Enterprise social collaboration is now mainstream, with a majority of employees in a third of all corporations using such solutions. That’s one of the findings in a soon-to-be-released white paper from Jive Software, an enterprise social collaboration vendor. got an early look at the paper, Enterprise Social Collaboration Solutions Hit the Mainstream — and we're sharing the highlights with you.

Improving Productivity, Communication

The paper notes that enterprise collaboration software differs from its consumer cousin because it needs to integrate with the existing IT environment, protect the privacy of the users and corporate data and provide the tools the business needs. In this survey for Jive, IDG Research Services queried more than 100 IT directors and managers at companies with at least 1000 employees. Of course, since Jive is a provider of social business solutions, the positive picture painted in the paper is not especially surprising.

Consumer social sites like Facebook may have inspired many employees to start using social tools at work. But whatever the reason for adoption, the report finds that improving productivity and internal communication now far outrank any other reasons, with 72 percent of respondents each. Twenty percentage points below those top two are such drivers as increasing business agility, improving the mobility of remote workers and increasing the speed of decision-making.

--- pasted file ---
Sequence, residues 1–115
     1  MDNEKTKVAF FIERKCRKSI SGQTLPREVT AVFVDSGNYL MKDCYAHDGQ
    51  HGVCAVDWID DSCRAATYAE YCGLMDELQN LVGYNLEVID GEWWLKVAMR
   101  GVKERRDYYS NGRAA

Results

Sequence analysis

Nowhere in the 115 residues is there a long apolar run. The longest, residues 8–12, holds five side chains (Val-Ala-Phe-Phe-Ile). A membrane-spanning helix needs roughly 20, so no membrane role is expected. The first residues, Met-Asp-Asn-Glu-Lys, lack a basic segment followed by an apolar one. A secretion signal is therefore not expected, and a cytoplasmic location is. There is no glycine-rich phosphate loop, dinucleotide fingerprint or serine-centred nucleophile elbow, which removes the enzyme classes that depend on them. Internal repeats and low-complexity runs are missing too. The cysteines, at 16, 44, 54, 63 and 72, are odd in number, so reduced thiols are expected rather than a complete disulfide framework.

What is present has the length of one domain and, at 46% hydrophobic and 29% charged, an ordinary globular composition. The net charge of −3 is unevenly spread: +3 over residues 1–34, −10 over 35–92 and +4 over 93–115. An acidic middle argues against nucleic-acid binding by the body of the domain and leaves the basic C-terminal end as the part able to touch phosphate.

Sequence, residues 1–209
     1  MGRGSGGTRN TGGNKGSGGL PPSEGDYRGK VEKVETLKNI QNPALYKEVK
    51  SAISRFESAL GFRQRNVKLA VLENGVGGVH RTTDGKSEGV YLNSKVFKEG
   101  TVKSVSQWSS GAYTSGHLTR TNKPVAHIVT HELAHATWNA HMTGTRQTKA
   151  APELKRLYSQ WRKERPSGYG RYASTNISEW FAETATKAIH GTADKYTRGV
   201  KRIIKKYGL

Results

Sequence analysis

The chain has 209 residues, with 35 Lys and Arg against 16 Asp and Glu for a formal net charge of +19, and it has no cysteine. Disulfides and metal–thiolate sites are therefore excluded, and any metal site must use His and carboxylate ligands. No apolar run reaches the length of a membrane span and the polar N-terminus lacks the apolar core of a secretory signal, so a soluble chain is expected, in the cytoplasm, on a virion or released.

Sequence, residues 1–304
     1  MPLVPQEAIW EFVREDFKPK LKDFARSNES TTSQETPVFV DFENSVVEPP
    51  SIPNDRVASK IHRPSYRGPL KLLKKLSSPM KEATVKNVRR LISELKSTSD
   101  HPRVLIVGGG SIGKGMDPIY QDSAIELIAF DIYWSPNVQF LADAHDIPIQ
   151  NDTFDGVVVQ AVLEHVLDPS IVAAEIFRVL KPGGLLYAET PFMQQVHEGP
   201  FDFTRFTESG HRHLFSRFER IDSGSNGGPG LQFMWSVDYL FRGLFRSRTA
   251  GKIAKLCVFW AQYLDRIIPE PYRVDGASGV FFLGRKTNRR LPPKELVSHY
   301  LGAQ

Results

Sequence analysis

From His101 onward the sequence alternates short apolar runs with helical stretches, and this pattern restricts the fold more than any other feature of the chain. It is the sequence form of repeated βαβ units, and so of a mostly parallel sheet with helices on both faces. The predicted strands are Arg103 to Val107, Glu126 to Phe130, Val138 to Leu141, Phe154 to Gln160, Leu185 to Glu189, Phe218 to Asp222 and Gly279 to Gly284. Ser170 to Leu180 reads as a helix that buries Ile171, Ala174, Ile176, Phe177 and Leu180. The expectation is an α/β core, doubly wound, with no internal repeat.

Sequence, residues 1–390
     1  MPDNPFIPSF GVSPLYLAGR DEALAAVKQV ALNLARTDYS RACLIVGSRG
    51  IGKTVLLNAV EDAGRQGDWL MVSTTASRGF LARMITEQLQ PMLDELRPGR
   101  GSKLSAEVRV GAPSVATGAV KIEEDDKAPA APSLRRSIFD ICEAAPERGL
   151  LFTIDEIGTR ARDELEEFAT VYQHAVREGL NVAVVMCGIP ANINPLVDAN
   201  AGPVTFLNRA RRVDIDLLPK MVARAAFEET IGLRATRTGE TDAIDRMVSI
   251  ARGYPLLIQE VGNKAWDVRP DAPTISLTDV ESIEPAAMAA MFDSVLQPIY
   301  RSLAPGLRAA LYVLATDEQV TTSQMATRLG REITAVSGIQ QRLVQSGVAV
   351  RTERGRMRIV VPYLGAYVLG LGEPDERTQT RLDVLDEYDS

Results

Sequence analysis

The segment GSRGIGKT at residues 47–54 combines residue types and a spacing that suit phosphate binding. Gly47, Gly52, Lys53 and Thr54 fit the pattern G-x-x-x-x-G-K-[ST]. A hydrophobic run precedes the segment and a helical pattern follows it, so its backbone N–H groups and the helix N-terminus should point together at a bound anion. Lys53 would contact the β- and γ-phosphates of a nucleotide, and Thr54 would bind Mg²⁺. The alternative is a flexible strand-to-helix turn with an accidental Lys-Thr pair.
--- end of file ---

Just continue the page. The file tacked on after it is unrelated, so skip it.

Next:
One factor not high on the list of reasons for adoption is cost-cutting, which the report said implies that “these solutions have clear business value that extends beyond bottom line considerations.” In fact, 90 percent of respondents said enterprise social collaboration is “some, very or extremely important” to achieving business objectives.

A case could be made that enterprise collaboration systems are simply the  evolution of the intranet, which itself is the online successor to intra-departmental memos, internal mail and common file cabinets.

Jive Collaboration Report

Wasting Time?

This intranet's value to enterprise collaboration is borne out in several examples in the report. An unnamed manager at an unidentified multinational printing and imaging company emphasizes the importance of collaborative tools for enabling communication between geographically dispersed offices. Another company’s IT manager points out that customers need to know if updates are coming down the pike, which collaborative networking with external partners can provide. Yet another manager, at a large retailer, notes the need to store documentation, manage projects and track issues.